In the past, workflow and collaboration systems have typically been separate, meaning the only way to get a full picture has been to combine audit reports from the two systems. Combining separate reports takes time and can lead to errors. Combining workflow and content collaboration provides businesses with a unified audit report across the entire content and workflow lifecycle. Some workflow engines also interface with popular office productivity suites, allowing users to perform workflow tasks with their favorite office tools. Furthermore, the workflow engine might integrate with content management systems and other enterprise applications.
Security and compliance are two more components of workflow monitoring. Administrators control who gets to create and modify workflows, who gets to view notifications, and which users have which rights regarding any given content. The engine should enforce data privacy, only allowing content to be visible as needed — and it should support workflows that include people outside the organization, such as customers, vendors, and partners. Complete workflow engines include features that help organizations adhere to industry and government regulations — features such as document watermarking, content retention, content disposition, and signature handling.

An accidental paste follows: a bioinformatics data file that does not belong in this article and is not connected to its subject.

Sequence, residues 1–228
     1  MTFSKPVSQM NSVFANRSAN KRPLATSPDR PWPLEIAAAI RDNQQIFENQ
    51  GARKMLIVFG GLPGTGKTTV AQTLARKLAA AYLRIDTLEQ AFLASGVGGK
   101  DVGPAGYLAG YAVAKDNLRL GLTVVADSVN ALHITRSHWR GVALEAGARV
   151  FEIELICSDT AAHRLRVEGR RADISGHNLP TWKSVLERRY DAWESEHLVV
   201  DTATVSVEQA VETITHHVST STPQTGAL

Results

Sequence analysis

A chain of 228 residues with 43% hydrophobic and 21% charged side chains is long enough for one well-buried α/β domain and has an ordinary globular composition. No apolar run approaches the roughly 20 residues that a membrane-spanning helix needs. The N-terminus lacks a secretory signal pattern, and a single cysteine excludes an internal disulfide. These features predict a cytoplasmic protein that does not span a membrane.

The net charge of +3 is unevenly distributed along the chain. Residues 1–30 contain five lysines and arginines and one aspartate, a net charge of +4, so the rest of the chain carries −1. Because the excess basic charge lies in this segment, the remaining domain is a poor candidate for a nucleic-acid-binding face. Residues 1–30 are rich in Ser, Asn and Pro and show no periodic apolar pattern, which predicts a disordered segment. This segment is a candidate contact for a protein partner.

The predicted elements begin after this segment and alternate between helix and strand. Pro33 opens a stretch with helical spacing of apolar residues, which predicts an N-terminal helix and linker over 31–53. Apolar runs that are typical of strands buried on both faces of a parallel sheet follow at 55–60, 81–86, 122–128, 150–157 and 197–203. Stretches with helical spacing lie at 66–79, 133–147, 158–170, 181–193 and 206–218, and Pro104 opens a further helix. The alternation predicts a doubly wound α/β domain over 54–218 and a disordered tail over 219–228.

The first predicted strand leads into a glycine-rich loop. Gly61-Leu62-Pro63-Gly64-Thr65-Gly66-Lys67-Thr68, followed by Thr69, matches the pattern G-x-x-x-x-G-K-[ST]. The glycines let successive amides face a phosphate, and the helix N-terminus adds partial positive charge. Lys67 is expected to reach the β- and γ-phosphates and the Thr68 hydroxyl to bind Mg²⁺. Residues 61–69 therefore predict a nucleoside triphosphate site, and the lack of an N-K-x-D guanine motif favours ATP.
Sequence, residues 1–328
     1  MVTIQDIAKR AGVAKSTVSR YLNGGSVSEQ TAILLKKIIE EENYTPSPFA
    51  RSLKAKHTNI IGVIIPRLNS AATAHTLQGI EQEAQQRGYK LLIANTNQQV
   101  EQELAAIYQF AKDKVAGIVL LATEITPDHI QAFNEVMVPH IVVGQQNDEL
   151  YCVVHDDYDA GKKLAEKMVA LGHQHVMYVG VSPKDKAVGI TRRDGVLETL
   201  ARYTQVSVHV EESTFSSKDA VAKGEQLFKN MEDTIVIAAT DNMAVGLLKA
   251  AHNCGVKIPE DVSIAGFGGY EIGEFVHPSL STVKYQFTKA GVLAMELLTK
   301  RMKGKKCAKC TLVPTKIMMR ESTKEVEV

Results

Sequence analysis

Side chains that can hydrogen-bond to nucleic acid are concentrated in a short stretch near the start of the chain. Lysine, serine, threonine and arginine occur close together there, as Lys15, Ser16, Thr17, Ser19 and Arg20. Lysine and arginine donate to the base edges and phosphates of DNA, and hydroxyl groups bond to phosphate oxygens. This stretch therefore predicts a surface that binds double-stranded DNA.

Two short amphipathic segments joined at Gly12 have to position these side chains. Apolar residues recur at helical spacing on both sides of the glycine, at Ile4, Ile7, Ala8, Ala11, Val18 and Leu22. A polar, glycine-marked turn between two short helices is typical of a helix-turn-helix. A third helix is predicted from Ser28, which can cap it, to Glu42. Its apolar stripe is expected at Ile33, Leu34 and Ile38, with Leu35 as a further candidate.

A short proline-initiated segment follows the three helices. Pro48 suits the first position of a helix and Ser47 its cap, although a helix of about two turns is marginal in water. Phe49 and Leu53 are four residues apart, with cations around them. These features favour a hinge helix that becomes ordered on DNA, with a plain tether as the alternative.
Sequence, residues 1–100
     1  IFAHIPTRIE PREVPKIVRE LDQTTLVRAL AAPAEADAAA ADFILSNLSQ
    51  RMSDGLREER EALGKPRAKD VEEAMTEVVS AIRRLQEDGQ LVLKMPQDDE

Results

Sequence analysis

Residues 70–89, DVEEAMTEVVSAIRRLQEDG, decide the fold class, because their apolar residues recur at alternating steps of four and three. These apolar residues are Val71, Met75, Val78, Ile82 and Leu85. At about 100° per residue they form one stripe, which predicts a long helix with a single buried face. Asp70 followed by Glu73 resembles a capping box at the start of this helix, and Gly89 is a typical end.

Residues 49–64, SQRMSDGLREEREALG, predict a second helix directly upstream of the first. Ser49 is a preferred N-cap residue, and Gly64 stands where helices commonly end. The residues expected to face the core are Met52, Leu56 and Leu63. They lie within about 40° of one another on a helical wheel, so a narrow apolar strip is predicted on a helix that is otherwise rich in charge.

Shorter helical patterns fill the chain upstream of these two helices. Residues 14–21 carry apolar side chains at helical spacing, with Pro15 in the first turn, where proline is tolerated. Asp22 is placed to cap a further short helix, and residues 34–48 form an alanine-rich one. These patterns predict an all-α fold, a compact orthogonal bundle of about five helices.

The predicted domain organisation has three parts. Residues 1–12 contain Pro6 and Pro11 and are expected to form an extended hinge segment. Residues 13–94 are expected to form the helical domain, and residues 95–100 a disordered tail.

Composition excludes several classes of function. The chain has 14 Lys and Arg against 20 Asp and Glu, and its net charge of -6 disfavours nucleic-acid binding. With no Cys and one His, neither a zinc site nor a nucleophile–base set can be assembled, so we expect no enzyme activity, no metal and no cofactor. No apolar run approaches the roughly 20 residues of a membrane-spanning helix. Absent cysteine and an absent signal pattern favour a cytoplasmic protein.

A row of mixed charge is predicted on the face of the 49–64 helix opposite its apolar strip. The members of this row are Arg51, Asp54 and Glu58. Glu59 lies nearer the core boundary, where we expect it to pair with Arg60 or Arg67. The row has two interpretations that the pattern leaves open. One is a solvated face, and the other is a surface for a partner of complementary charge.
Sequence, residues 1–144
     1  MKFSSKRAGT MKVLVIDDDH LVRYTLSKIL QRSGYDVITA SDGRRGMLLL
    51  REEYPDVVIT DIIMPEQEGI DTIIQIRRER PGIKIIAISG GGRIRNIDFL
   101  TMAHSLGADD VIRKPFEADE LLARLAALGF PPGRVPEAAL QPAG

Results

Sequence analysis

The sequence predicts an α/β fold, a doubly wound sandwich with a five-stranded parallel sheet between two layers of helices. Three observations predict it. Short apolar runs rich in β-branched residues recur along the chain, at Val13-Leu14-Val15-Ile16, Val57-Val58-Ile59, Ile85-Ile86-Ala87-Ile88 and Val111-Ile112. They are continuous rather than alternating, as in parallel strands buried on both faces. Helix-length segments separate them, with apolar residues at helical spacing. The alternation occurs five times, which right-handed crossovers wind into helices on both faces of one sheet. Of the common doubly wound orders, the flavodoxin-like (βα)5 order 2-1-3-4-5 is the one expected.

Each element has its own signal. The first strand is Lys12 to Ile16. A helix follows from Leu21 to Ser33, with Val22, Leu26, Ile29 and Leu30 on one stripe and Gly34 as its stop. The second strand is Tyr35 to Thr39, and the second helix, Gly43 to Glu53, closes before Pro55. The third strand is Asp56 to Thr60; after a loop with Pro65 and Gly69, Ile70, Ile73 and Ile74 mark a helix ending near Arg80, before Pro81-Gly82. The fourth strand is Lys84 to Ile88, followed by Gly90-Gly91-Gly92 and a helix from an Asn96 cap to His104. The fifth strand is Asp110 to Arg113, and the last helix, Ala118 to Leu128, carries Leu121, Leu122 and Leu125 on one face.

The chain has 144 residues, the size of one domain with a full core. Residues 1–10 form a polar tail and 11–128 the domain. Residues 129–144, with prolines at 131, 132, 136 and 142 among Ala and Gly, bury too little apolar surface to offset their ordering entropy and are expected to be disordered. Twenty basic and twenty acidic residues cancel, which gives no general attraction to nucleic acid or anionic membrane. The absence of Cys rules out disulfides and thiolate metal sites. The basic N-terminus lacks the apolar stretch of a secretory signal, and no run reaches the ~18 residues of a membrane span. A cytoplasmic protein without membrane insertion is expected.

No-code workflow changes the game
As organizations move to digitize more of their business, it should be no surprise that process modernization is their top priority. Creating an agile organization in the face of fast-changing priorities is now vital for survival. The traditional scale and efficiency benefits that BPM initially offered have now evolved to micro-efficiencies at scale for hundreds— if not thousands— of processes across a business.